Farmers make the day-to-day management decisions for more than 70 per cent of Australia’s land mass and 70 per cent of the water diverted from our rivers and streams. They are the most important stakeholders in good environmental management. They are passionate about protecting our natural resource base in a bid to ensure
sustainable agricultural industries for their children and their children’s children.
Environmental protection and biodiversity conservation is the shared responsibility of all Australians. However, Commonwealth and state legislation generally imposes much of the cost of public good conservation directly on farmers.
Farmers’ property rights are often reduced or removed to achieve a community benefit, at no cost to the wider community. Farmers ought not to be expected to foot the bill for public good outcomes that benefit the broader community. Such policies result in poor outcomes for the environment, for the economy and for farming
Just as city businesses are compensated if the government resumes land to put a freeway through their property, farmers should be compensated if their ability to farm their land is compromised by legislation in the public interest.
Farmers are constantly interacting with the natural environment. By contrast, most Australians live in urban environments. And while they may have a strong interest in environmental issues, they do not experience the immediate consequences of variable climate, pests, feral animals, weeds, disease and environmental degradation to the
Threatened species are rarely located in urban environments. They are generally found outside metropolitan areas, often on farming land. The aim of the Commonwealth’s Environment Protection and Biodiversity Conservation Act, recently passed by Federal Government, is to preserve threatened species for the benefit of the entire
community – but it does so by imposing onerous regulations and costs on farmers thereby reducing landholders’ ability to manage their farm without compensation. This heavy-handed approach results in poor outcomes for the environment, for the economy and for farming communities.
A better approach would be to share equitably the costs of conservation and environmental outcomes between landholders and the general public. Incentives could be given to farmers with significant environmental features on their land to manage them for the benefit of the community, so that the community contributes to the costs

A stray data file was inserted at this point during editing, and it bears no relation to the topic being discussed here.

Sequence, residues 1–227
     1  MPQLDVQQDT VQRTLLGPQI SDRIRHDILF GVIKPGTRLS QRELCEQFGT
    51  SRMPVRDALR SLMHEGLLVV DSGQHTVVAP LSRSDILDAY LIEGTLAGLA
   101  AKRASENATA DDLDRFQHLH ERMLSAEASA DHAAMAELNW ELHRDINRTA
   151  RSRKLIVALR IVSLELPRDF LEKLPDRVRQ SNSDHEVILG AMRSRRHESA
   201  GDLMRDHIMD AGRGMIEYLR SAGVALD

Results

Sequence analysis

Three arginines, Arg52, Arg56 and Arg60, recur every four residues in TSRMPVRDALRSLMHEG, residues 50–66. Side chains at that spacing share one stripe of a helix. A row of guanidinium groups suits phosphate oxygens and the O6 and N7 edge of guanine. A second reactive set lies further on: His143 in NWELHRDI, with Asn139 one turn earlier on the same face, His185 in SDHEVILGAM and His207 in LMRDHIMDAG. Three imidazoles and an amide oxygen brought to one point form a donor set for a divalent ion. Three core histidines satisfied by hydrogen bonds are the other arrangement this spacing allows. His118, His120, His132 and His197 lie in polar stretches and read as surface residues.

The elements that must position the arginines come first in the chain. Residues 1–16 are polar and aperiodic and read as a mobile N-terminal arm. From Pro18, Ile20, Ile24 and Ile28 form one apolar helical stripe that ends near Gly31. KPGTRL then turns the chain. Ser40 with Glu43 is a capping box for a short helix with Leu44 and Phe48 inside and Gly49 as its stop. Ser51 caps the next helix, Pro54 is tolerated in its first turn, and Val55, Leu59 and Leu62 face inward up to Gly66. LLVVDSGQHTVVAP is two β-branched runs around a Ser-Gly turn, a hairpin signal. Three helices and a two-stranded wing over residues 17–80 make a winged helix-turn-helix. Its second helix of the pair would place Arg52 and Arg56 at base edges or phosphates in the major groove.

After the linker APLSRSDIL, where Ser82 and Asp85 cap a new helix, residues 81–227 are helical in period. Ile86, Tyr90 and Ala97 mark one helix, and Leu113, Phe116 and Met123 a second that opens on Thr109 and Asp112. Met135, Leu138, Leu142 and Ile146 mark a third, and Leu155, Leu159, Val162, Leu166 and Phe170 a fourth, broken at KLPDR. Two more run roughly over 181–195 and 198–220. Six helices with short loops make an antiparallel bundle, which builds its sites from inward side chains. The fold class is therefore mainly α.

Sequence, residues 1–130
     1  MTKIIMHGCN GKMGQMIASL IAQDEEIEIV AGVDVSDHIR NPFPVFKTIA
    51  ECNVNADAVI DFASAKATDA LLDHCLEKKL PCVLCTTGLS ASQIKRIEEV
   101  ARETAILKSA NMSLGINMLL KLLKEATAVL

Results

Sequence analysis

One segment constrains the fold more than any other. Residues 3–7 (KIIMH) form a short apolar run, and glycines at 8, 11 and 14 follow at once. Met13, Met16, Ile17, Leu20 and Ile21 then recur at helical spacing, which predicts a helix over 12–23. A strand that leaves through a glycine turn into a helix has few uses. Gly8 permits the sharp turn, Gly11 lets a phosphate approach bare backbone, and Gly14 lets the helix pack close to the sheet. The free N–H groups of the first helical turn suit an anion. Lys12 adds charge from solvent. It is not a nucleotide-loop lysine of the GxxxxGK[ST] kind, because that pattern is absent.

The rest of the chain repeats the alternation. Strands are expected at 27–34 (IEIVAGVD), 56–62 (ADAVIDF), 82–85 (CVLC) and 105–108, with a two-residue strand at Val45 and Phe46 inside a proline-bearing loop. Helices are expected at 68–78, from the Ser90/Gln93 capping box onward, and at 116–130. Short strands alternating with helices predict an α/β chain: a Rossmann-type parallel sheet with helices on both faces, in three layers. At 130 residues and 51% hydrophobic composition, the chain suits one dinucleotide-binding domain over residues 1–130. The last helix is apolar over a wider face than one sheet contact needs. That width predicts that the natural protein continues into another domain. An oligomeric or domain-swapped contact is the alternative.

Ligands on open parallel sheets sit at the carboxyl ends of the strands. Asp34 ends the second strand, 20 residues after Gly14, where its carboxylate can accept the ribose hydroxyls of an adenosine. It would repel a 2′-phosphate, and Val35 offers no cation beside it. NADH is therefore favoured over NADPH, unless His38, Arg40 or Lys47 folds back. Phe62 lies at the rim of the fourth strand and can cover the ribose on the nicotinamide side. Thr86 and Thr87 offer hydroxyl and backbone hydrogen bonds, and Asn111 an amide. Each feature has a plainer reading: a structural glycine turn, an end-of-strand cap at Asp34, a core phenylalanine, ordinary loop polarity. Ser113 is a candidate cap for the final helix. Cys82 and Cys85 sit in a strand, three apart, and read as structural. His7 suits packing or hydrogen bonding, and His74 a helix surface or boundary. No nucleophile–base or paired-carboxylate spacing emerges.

imposed on farmers of so doing.
If regulations that reduce or remove farmers’ ability to manage their land autonomously are imposed on farmers by the general community to achieve environmental objectives, then the general community should be willing to compensate farmers for any erosion in their ability to generate income from their land.
Developing and introducing new methods of managing land to preserve biodiversity can be costly, and the Commonwealth Government’s commitment to research and development, plus compensation for adjustment costs, has a valuable role to play.
Farmers are also suffering because the Environmental Protection and Biodiversity Conservation Act (EPBC Act) is not consistent with state land management and conservation regimes. The on-ground impact of the Commonwealth legislation, on top of state interventions, has not
been thought through thoroughly and is causing farm management problems.
The EPBC Act has a number of major deficiencies. A landowner can be managing the land fully in accordance with state legislation but be in breach of the Commonwealth Act. The onus is on the landowner to be aware of the implications of the EPBC Act. Neither local nor state government authorities have any obligation to advise
landowners of the implications of the EPBC Act and Commonwealth bureaucrats do not have an understanding of local issues to give appropriate advice.
There is no provision for effective consultation with landowners. The implication is that the Commonwealth has a complete understanding of the preferred approach to land and water management to achieve environmental and social objectives in every part of the country, whereas in reality this knowledge is more likely to reside within
the local community.
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